Docu tells ‘Yolanda’ story of heartbreak, hope
It could have been just one of the thousands of harrowing “Yolanda” stories told with every anniversary of the calamity (Nov. 8) and forgotten the rest of the year. However, two young filmmakers from Leyte were determined to not let the tale be forgottten, of Nick Quieta and his wife Chai, who lost 17 relatives, including their four children, in the supertyphoon last year.
University of the Philippines Film Institute alumnae Cha Escala and Wena Sanchez thus made “Nick and Chai,” a documentary that chronicles the Quietas’ story of heartbreak and hope. “We recorded their day-to-day struggle from March to September,” the filmmakers said. The Quietas are agriculturists from Tanauan, Leyte.
A few weeks after “Yolanda,” Sanchez went home to check on her own family in Leyte. “My sister-in-law, a close friend [of the couple’s] told me about them.”
Her initial meeting with the Quietas was life-altering, Sanchez said. “They were cheerfully preparing dinner—Kuya Nick was chopping vegetables; Ate Chai, cleaning the fish.”
It might have been a normal evening in any Filipino household—except that four children, aged 1 to 11, used to live there.
Sanchez related that the couple talked and smiled a lot while they all had supper. “They seemed to overflow with love. I thought maybe they had [redirected] their affection for the kids to their neighbors, pets and each other.”
Escala added, “I learned a lot just being with them. Kuya Nick said, ‘We congratulate, instead of condole with, one another because we are still here trying to survive.’ That hit me hard because I tend to be pessimistic.”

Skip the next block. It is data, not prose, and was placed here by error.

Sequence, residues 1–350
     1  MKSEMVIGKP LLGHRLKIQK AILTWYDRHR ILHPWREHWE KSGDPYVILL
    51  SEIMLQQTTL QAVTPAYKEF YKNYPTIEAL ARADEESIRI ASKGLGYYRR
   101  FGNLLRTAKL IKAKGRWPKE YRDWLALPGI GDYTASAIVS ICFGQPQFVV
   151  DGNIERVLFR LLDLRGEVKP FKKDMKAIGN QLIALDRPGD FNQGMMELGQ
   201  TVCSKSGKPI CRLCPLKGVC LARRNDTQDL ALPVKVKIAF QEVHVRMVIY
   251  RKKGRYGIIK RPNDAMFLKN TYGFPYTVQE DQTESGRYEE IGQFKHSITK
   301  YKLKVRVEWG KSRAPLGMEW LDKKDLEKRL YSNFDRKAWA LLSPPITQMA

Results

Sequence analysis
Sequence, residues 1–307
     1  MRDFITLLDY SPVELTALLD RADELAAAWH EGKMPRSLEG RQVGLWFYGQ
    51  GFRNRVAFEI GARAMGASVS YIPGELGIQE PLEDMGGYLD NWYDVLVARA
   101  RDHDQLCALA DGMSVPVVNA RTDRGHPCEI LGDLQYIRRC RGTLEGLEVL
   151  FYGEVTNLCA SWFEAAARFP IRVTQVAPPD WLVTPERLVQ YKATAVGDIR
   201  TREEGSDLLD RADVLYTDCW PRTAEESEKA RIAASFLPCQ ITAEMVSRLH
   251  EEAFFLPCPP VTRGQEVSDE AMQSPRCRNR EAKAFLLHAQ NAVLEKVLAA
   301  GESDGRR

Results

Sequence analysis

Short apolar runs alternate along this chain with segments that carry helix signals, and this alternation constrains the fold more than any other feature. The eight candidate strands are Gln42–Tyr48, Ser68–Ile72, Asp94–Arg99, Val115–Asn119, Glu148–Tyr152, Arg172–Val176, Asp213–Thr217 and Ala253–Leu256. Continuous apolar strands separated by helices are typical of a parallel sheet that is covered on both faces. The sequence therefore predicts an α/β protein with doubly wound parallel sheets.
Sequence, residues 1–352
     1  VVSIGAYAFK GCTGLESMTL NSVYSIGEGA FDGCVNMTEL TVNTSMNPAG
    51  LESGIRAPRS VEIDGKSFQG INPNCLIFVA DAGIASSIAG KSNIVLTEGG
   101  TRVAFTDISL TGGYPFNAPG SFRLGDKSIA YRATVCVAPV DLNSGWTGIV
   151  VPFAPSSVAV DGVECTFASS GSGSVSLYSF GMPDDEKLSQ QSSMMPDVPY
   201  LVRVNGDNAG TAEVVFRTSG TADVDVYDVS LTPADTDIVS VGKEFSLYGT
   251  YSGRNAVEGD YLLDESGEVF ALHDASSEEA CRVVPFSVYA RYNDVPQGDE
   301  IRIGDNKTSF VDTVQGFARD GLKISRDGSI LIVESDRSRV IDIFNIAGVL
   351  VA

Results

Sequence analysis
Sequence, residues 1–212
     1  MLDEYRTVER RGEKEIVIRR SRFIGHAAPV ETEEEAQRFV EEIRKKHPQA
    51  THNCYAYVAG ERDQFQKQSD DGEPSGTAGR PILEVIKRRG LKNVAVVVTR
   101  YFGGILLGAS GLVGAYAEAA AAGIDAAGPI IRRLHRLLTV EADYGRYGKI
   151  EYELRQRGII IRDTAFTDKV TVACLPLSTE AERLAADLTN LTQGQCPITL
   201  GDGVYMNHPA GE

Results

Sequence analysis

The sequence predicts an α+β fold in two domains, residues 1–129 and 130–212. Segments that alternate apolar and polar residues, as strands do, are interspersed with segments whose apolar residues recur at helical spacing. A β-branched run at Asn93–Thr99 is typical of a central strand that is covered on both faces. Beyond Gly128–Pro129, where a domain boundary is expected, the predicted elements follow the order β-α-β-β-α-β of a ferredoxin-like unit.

The Quietas unwittingly taught the first-time documentarians gratitude and perseverance, virtues they would need throughout the challenging six-month shoot.
“Technical problems got in the way of the storytelling, which was the priority,” Escala said. For instance, Sanchez recalled, “The Quietas live near a highway, resulting in bad audio.” They thought of asking the couple to wear lapel mics, but decided that it would be invasive and insensitive. It was a delicate balancing act. “We were constantly putting ourselves in their shoes, asking, for instance, ‘Do I want to be filmed while crying?’”
At one point, the filmmakers found themselves weeping, too. “We stopped asking questions and just hugged them,” Sanchez said.
“Nick and Chai” premiered at the Busan International Film Festival last month. “The screenings we attended were both full houses,” Escala said. “We heard sobbing [but] some viewers thanked us later.” And many asked about the Quietas’ present situation.
The docu had its Philippine premiere at the Quezon City International Film Festival Saturday. Another screening is set 2:30 p.m. tomorrow (Monday) at TriNoma. (Busan and the Quezon City fest helped fund the film, along with the filmmakers’ friend, Leizyl Badion.)
A European premiere is set at the International Documentary Film Festival Amsterdam, Nov. 19 to 30. They have been invited to several other foreign fests, but Sanchez and Escala hope to hold more local screenings.
To answer a Busan viewer’s question: “We are saving up for a trip within Southeast Asia with them. [Meanwhile, they] still teach farming techniques to farmers in their small town and visit their children’s graves daily.”
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